Hong Kong’s Independent Commission Against Corruption (ICACcharged pro-democracy activist Au Nok-hin and Cantopop singer Wong Yiu-ming, AKA Anthony Wong, with “corrupt conduct” for allegedly breaching election laws by having Wong perform two songs at a rally for Au in his 2018 run for the Legislative Council. The ICAC cited provisions of the Elections Corrupt & Illegal Conduct Ordinance, which define as corrupt conduct  meeting “all or part of the cost of providing food, drink or entertainment for another person for the purpose of inducing a third party to vote or not vote for a particular candidate at an election.” Hong Kong’s Department of Justice withdrew the charges against the pair two days after Wong was arrested, but they were placed under a “bind-over order.” Under terms of the order, they each put up a $2,000 bond and will face no criminal charges if they maintain “good behavior” for a period of 24 months. “Hongkongers keep singing, Hongkongers keep going,” Wong told reporters as he left the courtroom. (Image: IFC via Twitter)

Africa
Juba protest

South Sudan: protests after singer’s death

Juba, capital of South Sudan, saw street protests after popular singer Trisha “Cee” Cosmaswas killed when the bici-taxi she was riding in was struck by a truck. At least a score were arrested in the demonstrations, and the local Community Empowerment for Progress Organisation (CEPO) charged that peaceful protesters were swept up by police. A demonstration called by youth group Anataban decried both lawless motorists on the capital’s streets and a lack of emergency services. Tanker-trucks delivering water to districts where residents have no indoor plumbing have been involved in several such incidents. Speaking before his arrest, one activist told local Radio Tamazuj, “The same government that gives foreigners driving licenses, without a street driving test, has failed to provide health services, and many people have died because of water truck accidents.” (Photo: Radio Tamazuj)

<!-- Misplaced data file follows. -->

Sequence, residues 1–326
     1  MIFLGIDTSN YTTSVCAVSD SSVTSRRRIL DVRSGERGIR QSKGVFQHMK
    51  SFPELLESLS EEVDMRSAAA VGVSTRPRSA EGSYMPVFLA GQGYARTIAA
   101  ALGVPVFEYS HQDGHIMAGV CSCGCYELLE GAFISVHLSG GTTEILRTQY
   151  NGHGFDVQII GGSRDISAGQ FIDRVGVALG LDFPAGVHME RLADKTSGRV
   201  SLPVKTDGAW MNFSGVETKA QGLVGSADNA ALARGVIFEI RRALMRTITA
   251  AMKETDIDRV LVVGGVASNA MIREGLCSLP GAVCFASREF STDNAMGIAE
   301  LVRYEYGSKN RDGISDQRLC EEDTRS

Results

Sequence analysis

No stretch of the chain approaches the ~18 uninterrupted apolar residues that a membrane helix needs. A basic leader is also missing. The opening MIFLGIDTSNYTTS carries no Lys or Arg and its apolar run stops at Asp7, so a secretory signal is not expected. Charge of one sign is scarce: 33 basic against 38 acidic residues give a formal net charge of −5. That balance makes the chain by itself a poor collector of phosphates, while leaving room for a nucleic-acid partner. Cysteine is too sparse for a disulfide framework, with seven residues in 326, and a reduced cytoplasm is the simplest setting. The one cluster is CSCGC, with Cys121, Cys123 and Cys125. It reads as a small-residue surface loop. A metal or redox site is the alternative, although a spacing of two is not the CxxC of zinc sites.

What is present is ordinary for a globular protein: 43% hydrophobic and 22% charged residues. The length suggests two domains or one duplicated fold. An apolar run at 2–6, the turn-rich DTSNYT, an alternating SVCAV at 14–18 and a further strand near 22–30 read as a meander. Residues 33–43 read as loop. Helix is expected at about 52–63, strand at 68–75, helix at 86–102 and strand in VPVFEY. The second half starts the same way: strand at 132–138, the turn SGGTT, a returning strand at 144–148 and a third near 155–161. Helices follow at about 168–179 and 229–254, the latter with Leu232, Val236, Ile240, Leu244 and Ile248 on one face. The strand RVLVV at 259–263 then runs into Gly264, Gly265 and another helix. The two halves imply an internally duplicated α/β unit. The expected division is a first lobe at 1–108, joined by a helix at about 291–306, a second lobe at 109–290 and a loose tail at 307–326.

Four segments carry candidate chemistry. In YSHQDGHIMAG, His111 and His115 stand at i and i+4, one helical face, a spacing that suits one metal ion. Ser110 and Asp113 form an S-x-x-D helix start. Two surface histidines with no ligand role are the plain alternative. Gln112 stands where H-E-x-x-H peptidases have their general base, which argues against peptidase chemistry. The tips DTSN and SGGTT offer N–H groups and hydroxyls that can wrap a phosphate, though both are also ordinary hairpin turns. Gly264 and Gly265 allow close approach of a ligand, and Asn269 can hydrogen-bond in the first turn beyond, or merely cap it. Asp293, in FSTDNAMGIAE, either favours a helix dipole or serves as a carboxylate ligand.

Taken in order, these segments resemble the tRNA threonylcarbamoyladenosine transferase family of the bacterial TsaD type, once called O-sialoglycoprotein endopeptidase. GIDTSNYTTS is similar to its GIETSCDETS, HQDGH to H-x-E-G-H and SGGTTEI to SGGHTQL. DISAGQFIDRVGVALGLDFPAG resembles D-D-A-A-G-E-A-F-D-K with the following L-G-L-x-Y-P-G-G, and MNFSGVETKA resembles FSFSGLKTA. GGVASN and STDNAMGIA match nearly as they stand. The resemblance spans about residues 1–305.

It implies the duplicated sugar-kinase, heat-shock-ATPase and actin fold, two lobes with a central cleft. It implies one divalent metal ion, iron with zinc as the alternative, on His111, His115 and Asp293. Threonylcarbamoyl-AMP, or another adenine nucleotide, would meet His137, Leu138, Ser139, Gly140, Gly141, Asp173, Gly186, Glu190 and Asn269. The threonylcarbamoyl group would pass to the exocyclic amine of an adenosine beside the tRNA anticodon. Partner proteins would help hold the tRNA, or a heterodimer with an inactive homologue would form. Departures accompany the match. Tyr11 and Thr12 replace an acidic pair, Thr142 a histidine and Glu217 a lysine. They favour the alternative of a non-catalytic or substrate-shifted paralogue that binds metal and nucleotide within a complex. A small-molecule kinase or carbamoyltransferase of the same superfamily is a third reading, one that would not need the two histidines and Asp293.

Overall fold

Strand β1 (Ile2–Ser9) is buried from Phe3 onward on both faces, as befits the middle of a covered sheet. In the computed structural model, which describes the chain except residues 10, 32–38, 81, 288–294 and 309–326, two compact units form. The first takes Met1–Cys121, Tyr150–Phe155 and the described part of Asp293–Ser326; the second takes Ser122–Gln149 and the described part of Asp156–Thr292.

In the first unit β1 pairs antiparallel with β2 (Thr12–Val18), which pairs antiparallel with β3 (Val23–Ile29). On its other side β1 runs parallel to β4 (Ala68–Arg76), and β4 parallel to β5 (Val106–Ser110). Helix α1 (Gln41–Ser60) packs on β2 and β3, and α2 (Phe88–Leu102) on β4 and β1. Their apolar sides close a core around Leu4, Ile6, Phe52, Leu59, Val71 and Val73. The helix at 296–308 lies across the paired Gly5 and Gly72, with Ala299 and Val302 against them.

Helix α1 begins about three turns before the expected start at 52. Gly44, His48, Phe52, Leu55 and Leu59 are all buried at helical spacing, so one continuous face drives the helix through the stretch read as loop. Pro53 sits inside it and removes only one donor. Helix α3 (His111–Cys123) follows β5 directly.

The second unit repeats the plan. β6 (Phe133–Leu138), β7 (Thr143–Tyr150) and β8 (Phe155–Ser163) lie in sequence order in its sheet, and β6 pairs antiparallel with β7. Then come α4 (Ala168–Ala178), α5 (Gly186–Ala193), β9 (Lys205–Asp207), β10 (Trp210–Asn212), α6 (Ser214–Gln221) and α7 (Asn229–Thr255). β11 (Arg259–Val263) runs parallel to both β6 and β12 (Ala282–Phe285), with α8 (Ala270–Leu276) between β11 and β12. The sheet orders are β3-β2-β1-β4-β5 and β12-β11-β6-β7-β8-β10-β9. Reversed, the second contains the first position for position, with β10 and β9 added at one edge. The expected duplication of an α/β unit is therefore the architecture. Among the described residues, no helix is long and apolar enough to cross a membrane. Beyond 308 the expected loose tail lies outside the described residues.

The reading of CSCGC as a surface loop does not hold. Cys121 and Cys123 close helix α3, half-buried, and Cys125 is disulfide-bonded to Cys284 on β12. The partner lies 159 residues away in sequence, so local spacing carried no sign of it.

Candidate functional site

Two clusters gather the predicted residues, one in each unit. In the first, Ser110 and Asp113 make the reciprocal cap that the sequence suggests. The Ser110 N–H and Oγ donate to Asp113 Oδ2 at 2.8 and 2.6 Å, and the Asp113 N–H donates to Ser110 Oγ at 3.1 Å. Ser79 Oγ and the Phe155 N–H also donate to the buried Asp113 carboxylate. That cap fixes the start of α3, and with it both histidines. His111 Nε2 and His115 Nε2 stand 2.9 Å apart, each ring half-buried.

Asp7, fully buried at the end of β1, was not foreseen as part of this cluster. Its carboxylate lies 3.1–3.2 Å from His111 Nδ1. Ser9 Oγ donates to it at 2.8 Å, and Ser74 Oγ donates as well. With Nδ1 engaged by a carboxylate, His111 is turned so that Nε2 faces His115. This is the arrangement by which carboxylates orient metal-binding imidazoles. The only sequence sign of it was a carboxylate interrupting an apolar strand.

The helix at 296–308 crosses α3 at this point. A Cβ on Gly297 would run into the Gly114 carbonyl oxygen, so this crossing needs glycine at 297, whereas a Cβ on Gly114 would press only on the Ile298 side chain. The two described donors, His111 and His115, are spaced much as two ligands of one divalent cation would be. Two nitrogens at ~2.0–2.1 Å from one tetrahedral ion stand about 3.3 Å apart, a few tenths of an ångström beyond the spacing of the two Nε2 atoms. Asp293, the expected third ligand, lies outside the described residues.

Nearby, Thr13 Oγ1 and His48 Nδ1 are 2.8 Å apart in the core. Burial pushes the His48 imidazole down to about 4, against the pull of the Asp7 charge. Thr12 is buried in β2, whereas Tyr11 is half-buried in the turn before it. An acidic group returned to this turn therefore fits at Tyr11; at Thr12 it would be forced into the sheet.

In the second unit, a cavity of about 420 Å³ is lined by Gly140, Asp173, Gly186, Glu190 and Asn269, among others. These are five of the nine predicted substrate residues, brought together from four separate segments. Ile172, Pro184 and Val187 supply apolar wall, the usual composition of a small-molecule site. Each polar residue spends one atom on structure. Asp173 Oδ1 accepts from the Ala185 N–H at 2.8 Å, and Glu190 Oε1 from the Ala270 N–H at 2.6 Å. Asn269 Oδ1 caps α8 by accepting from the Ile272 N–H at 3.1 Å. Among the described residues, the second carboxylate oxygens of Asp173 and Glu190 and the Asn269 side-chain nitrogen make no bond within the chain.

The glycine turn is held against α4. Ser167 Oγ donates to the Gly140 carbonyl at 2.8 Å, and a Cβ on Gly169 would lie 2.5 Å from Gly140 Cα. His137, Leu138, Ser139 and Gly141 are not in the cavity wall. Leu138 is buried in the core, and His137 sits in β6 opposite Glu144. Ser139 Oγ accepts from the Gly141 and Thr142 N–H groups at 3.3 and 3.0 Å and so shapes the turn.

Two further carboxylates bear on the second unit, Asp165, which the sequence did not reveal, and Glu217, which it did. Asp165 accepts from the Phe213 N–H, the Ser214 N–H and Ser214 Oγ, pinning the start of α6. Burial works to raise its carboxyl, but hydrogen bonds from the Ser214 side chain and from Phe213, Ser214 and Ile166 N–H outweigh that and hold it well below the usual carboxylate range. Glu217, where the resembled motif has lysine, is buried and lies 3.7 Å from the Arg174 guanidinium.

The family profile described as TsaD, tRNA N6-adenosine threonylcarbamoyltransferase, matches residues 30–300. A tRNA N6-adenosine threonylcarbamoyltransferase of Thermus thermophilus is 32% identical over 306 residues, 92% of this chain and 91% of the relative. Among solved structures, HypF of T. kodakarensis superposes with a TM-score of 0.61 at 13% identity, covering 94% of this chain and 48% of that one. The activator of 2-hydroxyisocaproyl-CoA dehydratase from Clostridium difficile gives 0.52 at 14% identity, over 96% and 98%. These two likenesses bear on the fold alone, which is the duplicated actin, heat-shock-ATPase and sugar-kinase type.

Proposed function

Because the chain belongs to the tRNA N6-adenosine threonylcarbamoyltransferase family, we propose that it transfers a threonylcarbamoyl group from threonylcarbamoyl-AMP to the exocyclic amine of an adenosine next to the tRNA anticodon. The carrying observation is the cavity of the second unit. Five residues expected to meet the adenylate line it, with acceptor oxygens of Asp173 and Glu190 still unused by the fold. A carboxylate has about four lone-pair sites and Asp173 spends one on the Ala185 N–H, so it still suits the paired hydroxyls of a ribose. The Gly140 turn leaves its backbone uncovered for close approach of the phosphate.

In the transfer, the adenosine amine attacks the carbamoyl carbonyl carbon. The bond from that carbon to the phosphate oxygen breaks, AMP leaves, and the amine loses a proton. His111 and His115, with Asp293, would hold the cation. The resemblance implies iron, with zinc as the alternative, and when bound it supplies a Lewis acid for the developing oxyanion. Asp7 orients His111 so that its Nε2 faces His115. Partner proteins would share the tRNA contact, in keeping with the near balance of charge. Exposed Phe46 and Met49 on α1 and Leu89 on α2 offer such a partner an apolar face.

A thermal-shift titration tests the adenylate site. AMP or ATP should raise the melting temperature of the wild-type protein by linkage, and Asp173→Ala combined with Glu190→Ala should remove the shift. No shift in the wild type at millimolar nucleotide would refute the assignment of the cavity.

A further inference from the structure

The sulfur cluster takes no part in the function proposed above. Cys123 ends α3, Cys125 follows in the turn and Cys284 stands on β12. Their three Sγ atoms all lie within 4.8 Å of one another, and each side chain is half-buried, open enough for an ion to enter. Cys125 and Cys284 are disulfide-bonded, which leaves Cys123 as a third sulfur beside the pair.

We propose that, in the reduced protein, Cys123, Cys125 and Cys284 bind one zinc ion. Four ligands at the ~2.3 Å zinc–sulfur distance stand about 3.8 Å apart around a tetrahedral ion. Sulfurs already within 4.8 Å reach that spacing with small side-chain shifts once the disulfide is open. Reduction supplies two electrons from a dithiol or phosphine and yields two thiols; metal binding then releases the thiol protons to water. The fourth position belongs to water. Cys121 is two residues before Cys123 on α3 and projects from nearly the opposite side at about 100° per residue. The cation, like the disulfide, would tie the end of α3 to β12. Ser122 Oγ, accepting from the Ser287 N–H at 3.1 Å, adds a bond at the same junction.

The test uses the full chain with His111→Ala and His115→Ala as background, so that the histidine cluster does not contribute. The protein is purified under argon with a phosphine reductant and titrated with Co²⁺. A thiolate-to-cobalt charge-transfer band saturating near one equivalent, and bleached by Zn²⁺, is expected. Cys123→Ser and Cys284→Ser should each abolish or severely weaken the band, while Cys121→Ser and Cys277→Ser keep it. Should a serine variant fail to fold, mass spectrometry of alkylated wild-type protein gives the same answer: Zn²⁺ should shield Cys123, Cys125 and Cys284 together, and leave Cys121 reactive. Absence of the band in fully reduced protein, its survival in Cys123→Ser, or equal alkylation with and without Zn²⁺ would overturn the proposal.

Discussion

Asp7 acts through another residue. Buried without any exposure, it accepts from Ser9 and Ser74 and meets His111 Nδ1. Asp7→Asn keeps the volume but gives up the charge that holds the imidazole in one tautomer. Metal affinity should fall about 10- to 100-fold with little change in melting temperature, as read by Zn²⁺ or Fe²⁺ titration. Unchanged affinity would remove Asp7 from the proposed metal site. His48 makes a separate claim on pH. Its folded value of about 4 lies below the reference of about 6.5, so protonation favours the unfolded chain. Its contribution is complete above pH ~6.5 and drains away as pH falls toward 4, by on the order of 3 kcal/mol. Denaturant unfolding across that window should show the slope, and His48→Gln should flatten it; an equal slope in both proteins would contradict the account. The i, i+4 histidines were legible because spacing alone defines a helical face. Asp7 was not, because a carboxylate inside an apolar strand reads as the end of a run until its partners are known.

Europe
Hasél

Spain: protests follow arrest of Catalan rapper

The arrest of Catalan rapper Pablo Hasél on charges of glorifying terrorism and insulting the monarchy has sparked angry protests in Barcelona, Madrid, Valencia and other Spanish cities. Facing charges in relation to his tweets and song lyrics, Hasél barricaded himself alongside supporters inside Catalonia’s University of Lleida. His supporters sprayed fire-extinguishers at troops when the building was raided by the Catalan police force, the Mossos d’Esquadra. As he was led away, supporters shouted, “They will never silence us; death to the fascist state!” Hasél was turned over to Spanish authorities to begin serving a nine-month term. Angry protests immediately broke out, with several demonstrators arrested that night. Protests have continued throughout the week. (Photo: Wikimedia Commons)

Iran
ahwaz women

Iran: sweeps target Ahwazi women activists

Rights advocates in Iran’s Khuzestan province, homeland of the marginalized Ahwazi Arab people, report another wave of sweeps and incommunicado detention of local activists. Among those detained in raids by the Islamic Revolutionary Guards Corps (IRGC) are Zeinab Sawari, a teacher and prominent Ahwazi advocate for women’s and children’s rights, who had recently been involved in fundraising for victims of the severe flooding that devastated the region this year. Also detained by IRGC agents were Maryam Ameri and Fatema Tamimi, whose homes were searched and ransacked, with computers and extensive archival material confiscated. Maryam and Fatema had worked on Ahwazi cultural programs together, cataloguing traditional folk songs and producing short documentaries about Ahwazi music, lore and history. Azhar Alboghbiesh, a young activist volunteer for the project, was likewise arrested in a raid on her home, in which agents reportedly fired in the air to intimidate her family. All remain in detention at undisclosed locations. (Photo of Azhar Alboghbiesh and Maryam Ameri via Dur Untash Studies Center)